Very few people are actively planning for their housing futures. Affordability and the deposit gap, insufficient income, employment insecurity and “waiting for the market to settle down” all impact on achieving longer-term aspirations. In the short-term, not being in a preferred location, high mobility and insecurity matter most.
Housing policy needs to become more realistic about the housing futures of young Australians. Achieving both short- and longer-term aspirations requires new policy frameworks that can enable young people to move towards attaining “secure independence”.
Public debate about the housing aspirations of young adults gained prominence during the federal election with promises of a targeted scheme to help first home buyers. Proposed first home owner deposit schemes are an important step in meeting aspirations, particularly among private renters with higher and secure incomes.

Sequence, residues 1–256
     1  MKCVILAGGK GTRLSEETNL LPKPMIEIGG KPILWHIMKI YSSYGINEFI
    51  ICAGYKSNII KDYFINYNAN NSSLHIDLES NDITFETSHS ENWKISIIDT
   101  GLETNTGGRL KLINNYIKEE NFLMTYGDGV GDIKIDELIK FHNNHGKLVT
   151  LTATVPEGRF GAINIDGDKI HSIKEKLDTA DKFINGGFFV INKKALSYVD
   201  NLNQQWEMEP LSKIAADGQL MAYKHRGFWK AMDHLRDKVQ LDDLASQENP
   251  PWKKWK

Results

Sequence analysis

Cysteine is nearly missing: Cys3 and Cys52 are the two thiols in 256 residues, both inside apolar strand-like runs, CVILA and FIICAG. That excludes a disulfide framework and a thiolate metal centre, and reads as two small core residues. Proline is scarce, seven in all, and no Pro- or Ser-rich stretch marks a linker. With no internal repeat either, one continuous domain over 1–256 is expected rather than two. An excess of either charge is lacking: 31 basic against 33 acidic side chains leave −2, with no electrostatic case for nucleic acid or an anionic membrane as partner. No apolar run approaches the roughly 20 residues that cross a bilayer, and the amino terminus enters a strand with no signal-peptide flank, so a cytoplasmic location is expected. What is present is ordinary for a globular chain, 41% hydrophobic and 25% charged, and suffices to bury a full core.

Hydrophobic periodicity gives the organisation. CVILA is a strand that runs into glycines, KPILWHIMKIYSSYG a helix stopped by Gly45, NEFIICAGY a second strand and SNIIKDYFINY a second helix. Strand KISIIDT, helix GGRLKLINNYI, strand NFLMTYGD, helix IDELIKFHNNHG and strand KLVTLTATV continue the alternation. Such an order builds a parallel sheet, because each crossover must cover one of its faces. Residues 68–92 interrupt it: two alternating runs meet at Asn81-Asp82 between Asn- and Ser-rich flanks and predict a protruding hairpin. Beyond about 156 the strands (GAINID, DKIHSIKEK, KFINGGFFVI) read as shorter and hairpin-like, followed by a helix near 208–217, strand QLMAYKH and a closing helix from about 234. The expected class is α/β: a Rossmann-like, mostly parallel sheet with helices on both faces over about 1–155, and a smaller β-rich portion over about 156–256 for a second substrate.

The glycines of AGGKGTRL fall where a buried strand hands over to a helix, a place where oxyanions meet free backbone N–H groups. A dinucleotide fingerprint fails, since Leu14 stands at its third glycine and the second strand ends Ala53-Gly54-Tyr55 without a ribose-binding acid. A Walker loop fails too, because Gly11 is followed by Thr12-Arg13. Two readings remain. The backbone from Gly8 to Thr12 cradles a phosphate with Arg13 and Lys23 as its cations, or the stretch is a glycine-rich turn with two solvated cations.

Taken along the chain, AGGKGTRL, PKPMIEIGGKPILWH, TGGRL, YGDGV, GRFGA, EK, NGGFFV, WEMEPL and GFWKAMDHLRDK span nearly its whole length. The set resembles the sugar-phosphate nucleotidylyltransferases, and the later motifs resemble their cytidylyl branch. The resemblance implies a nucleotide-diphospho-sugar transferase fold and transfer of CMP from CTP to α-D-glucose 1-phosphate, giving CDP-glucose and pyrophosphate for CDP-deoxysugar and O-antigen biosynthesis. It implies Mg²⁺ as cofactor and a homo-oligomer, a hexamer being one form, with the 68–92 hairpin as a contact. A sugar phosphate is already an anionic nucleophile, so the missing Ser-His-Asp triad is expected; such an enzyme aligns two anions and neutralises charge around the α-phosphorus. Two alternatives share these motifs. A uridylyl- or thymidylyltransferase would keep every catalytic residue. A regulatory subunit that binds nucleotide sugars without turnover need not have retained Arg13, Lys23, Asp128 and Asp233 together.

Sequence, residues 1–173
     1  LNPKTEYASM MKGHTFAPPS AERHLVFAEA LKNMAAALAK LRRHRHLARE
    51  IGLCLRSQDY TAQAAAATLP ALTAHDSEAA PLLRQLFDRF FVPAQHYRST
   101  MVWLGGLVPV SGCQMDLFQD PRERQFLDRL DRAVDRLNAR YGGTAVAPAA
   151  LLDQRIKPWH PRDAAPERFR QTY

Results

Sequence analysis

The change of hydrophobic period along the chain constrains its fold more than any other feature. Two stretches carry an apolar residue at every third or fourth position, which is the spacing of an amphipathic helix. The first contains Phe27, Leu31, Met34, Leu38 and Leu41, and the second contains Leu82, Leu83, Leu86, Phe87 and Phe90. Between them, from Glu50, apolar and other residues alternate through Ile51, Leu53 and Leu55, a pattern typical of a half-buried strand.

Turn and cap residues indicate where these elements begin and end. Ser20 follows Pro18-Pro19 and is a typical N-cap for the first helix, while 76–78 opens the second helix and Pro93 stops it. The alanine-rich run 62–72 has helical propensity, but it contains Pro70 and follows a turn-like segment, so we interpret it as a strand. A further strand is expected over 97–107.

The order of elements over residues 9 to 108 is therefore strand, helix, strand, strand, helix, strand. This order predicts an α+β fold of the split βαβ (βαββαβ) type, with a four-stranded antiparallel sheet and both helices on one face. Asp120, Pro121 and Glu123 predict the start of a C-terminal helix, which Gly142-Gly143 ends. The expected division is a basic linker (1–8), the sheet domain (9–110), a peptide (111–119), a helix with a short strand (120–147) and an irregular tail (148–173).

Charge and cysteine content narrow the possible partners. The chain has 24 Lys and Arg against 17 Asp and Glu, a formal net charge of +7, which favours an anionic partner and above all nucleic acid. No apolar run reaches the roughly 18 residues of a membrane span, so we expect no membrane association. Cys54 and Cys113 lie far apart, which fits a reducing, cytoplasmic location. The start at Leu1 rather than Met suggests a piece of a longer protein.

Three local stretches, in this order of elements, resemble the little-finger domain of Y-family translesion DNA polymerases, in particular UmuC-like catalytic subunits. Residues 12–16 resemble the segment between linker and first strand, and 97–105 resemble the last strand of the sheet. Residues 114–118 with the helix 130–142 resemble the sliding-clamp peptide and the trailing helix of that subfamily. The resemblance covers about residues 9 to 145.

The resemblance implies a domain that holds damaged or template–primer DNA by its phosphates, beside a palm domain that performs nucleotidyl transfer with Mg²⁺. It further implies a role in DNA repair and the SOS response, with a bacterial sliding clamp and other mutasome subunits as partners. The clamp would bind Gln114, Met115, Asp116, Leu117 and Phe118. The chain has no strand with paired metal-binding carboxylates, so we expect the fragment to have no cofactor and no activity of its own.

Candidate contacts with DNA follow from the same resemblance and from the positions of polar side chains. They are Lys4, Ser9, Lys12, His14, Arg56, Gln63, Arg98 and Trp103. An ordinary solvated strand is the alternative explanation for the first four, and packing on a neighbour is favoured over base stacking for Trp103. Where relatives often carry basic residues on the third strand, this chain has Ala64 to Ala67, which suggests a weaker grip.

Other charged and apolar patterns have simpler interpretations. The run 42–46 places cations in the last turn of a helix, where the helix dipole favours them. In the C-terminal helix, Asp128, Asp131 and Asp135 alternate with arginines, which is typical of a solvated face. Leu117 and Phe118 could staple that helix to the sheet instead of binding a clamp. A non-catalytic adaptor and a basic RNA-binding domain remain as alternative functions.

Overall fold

But before young people even contemplate home ownership they need greater support in making key life transitions, such as from education to work, via more continuous and integrated packages of housing assistance.
We also need continued reforms to ensure a fairer and more secure private rental sector with short and longer-term leasing options close to employment and training, and with stable rents.
There needs to be diversity and real choice in dwelling types, size and locations and scaling up of more sustainable and niche models of co-housing.
As for young people locked out of home ownership in the long-term, they need a way to build an investment nest egg and to access quality social and public rental housing.
By Sharon Parkinson, Senior Research Fellow, Centre for Urban Transitions, Swinburne University of Technology, Amity James, Senior Lecturer, School of Economics, Finance and Property, Curtin University; Steven Rowley, Head of School, Economics, Finance and Property and Director, Australian Housing and Urban Research Institute, Curtin Research Centre, Curtin University, and Wendy Stone, Associate Professor, Centre for Urban Transitions and Director, Australian Housing and Urban Research Institute, Swinburne Research Centre, Swinburne University of Technology. This article is republished from The Conversation under a Creative Commons license. Read the original article.